Malawi government suspends move to Luwani Refugee Camp


Less than a week after announcing the decision to re-open Luwani Refugee camp in Neno, government has suspended the move pending talks with the Mozambican government.

On Friday last week the Malawi government announced its decision to re-open the camp to cope with the rising numbers of people fleeing war in neighbouring Mozambique.

But sources privy to the discussion between the two governments said the suspension is a result of strong protest from the Mozambican government.


Mozambique insists that there is no unrest in that country, arguing that those people fleeing into Malawi are not refugees and they ought to go back to their respective homes in Mozambique immediately.

Minister of Home Affairs and Internal Security, Jean Kalilani, confirmed the suspension in an interview on Thursday.

“We have suspended the move pending the outcome from the discussions with the government of Mozambique,” Kalilani said.


Ironically, On Tuesday this week, The United Nations High Commissioner for Refugees (UNHCR) welcomed the government’s decision to re-open the camp.

In an interview yesterday, UNHCR Representative in Malawi, Monique Ekoko, said at the time of the interview the government had not yet written the UN offices on the suspension and they would release a statement after receiving such communication.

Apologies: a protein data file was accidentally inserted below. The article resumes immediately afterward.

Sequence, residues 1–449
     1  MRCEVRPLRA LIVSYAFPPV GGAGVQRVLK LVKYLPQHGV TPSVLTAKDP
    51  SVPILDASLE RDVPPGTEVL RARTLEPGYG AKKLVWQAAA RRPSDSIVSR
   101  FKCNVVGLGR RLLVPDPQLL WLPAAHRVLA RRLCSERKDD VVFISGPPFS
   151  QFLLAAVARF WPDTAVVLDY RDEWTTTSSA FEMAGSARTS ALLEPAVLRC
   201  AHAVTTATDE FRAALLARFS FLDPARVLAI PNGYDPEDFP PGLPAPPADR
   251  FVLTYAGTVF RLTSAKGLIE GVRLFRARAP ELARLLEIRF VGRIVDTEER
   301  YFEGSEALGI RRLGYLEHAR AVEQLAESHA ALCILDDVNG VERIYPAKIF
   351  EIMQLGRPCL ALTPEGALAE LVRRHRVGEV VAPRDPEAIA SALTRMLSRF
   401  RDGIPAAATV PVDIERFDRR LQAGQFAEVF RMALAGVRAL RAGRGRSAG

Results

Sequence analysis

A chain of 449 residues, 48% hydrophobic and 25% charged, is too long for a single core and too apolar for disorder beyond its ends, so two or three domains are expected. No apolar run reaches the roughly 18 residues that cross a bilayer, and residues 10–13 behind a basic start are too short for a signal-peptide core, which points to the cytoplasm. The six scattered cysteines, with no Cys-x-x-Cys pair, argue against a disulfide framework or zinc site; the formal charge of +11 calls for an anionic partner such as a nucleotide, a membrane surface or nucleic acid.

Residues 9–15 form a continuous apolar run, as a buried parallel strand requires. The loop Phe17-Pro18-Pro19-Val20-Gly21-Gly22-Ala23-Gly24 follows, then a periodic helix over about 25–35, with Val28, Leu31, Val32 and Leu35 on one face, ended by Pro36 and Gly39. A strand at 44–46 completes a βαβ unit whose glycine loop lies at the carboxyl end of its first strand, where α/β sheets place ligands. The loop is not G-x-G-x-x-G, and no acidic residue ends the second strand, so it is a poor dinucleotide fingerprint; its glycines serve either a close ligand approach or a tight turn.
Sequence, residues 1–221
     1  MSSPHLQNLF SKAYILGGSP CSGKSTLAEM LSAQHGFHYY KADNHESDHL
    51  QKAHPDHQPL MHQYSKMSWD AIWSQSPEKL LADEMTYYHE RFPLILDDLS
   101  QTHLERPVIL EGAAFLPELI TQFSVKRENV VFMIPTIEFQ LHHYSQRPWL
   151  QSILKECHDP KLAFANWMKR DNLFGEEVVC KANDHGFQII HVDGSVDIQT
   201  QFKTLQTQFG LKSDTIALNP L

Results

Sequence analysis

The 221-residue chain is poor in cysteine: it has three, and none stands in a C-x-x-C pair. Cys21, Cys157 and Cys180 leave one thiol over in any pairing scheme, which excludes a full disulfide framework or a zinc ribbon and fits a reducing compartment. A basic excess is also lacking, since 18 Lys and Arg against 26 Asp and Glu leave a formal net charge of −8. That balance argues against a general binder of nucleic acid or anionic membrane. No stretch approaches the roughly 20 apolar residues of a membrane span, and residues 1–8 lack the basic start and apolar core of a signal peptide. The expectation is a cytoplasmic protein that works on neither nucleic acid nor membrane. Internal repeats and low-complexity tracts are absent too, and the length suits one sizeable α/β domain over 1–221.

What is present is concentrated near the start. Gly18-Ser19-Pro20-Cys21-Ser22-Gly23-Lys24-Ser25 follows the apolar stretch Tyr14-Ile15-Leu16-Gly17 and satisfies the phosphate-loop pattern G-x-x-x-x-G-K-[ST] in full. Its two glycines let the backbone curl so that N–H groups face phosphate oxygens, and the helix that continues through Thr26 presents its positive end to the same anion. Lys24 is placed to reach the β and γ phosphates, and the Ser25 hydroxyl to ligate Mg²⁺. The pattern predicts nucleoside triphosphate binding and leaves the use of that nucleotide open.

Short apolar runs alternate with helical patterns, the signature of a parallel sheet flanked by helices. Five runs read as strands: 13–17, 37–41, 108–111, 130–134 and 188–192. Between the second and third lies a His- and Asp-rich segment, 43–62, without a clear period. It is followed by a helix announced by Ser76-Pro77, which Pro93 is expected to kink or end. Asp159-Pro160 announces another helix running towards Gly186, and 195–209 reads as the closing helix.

“We need to get official notification from the government of Malawi to that effect before we can make a statement,” Ekoko said.

In an earlier interview, Secretary for Home Affairs and Internal Security, Bestone Chisamile, said the Malawi government hoped to have first group of refugees moving to Luwani next week.

The first Mozambicans arrived in Kapise Villages in the area of Traditional Authority Nthache in Mwanza in June last year but the flow of migrants has rapidly increased in the past three months.

While Kapise, just a settlement centre, is just five kilometres from the border, Luwani is some 65 kilometres inside Malawi.

According to international law and UNHCR guidelines, camps should be located atleast 40 kilometres away from the border.

The Convention Governing the Specific Aspects of Refugee Problems in Africa states that, “For reasons of security, countries of asylum shall, as far as possible, settle refugees at a reasonable distance from the frontier of their country of origin.’

It is reported Renamo wants to take control of six northern provinces of Manica, Sofala, Tete, Zambezia, Nampula and Niassa.

Luwani camp previously hosted Mozambican refugees during the 1977-1992 civil war and was finally closed in 2007

Facebook Notice for EU! You need to login to view and post FB Comments!
Show More

Related Articles

Back to top button

Adblock Detected

Please consider supporting us by disabling your ad blocker